Susan Ridzon: Independent health practices save money, deliver high quality

This commentary is from Susan Ridzon, executive director of HealthFirst, which represents 63 physician-owned primary and specialty practices in 10 Vermont counties. Its 26 primary care practices serve approximately 85,000 Vermonters. About 90% of independent practices in Vermont are HealthFirst members.

In a recent commentary, Andrew Garland of BlueCross and BlueShield of Vermont suggested that Vermonters research and choose lower-cost, high-quality providers to save money and lower the cost of future health care premiums.

Cleverly mentioned the independent practices because their prices are often many times lower than the alternatives. There are additional compelling reasons to choose an independent practice, including consistently high-quality care, personalized and affordable service, and typically much shorter wait times.

These are the types of high-value health care options that Vermont should be promoting as we all strive to reduce health care costs while maintaining high-quality services and access.

One of the elements of high-quality care is a strong relationship between the primary care practitioner and the patient. Independent practices provide that one-on-one connection as well as increased outpatient access. This combination allows the patient to receive the timely care needed to prevent unnecessary emergency room visits and preventable hospitalizations, including hospital readmissions.

When further care or tests are needed, independent specialist practices and imaging sites often have significantly shorter waiting times. Time to appointment for advanced imaging at an independent MRI center is typically measured in days to weeks, as opposed to months for hospital-based imaging.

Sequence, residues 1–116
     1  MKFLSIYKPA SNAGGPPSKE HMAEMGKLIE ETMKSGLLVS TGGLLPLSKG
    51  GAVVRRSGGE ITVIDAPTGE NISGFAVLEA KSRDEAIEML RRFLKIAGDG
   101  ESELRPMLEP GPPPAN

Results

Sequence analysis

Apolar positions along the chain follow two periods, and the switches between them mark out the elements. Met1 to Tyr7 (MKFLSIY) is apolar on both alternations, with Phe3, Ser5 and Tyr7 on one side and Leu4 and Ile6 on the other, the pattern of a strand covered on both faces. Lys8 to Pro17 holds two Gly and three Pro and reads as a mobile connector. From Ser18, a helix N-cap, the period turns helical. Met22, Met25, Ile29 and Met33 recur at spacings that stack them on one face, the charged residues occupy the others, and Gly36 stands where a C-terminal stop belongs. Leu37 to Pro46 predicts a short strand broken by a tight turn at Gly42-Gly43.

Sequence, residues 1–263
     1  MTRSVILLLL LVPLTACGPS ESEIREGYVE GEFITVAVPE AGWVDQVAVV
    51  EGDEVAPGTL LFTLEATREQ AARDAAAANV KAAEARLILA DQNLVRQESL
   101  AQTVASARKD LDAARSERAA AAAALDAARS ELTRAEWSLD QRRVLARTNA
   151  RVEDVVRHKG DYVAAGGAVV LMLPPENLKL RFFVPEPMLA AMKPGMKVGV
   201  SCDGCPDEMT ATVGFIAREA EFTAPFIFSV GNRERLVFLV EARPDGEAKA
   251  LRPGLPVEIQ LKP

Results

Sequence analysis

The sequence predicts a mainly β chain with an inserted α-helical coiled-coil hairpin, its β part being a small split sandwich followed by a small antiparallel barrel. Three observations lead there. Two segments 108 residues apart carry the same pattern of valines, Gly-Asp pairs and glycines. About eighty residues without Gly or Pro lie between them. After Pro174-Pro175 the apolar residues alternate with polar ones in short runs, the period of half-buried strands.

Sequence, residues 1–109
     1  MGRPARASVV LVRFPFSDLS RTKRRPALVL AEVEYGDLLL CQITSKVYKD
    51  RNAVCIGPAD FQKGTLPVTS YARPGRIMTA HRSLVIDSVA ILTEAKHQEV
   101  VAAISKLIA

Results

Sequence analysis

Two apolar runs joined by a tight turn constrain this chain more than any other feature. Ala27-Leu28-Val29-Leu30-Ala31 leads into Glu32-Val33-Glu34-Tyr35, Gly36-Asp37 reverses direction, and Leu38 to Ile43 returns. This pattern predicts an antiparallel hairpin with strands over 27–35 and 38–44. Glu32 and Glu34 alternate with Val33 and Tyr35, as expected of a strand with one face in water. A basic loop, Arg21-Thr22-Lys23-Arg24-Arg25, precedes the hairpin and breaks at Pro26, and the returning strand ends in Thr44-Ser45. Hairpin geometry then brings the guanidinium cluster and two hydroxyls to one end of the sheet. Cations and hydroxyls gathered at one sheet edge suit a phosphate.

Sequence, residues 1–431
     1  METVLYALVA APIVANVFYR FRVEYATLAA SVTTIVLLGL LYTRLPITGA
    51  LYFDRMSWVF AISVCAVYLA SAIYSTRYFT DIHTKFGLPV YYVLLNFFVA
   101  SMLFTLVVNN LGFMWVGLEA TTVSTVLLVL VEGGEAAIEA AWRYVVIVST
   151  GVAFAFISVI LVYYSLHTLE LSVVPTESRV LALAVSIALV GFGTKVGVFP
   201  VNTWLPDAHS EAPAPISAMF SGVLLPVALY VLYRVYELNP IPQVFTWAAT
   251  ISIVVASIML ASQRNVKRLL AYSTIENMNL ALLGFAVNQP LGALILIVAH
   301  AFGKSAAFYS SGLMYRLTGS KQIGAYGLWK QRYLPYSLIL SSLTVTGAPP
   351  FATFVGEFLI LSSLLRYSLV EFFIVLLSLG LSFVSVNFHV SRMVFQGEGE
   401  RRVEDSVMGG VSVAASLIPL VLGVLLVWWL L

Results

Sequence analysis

The wait time at an independent practice for a non-urgent dermatology problem is at least a month shorter than local hospital alternatives, and one independent dermatology practice offers weekly clinics, so you can get that troublesome-looking mole examined without needing an appointment. Another independent primary care practice offers same-day sports medicine and fracture care, and many Chittenden County doctors work at a much lower-cost outpatient surgery center.

Additionally, independent primary care physicians will help patients find lower-cost alternatives for laboratory and imaging tests and specialty care.

Vermont needs more options for such efficient, high-quality health care. Unfortunately, many of the high-value independent practices that can provide such care are under pressure. This is especially true for primary care and women’s health practices.

Twelve of our network practices closed between 2019 and 2022. There are many reasons for these closures, but financial failure was a major factor in more than half of them.

Vermont would be wise to protect and support those who remain and encourage more to open. These community-based independent practices are part of a Vermont tradition worth preserving.

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Tags: Healthfirst , high value options , independent health practices , Susan Ridzon


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